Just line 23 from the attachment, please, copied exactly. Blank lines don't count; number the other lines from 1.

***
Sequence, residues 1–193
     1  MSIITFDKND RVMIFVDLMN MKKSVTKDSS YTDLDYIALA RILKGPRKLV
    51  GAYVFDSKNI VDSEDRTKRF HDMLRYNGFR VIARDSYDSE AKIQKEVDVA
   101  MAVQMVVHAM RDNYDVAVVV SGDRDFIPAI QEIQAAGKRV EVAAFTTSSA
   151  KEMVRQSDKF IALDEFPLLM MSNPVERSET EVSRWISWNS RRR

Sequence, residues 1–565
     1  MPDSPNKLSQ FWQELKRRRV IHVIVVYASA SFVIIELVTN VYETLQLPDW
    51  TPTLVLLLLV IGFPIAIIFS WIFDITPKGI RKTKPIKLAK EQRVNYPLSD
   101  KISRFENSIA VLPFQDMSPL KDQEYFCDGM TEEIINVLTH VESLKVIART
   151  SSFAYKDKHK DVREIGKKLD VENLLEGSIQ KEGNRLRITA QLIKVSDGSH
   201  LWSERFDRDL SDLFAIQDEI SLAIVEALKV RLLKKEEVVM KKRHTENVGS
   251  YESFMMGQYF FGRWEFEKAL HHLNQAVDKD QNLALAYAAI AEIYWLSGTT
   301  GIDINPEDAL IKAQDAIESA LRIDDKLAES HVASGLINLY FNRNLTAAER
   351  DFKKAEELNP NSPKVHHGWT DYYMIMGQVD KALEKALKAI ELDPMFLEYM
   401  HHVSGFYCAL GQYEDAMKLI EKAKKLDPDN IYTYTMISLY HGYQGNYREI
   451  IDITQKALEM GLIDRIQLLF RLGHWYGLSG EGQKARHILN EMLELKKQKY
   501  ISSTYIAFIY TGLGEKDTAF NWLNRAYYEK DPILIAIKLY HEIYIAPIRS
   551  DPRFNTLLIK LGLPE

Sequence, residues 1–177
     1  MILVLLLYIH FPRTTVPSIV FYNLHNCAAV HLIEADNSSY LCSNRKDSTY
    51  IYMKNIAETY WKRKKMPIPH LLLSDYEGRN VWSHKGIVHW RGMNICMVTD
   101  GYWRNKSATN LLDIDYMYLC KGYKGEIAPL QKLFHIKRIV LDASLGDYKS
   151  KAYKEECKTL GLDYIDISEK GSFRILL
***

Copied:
   151  KAYKEECKTL GLDYIDISEK GSFRILL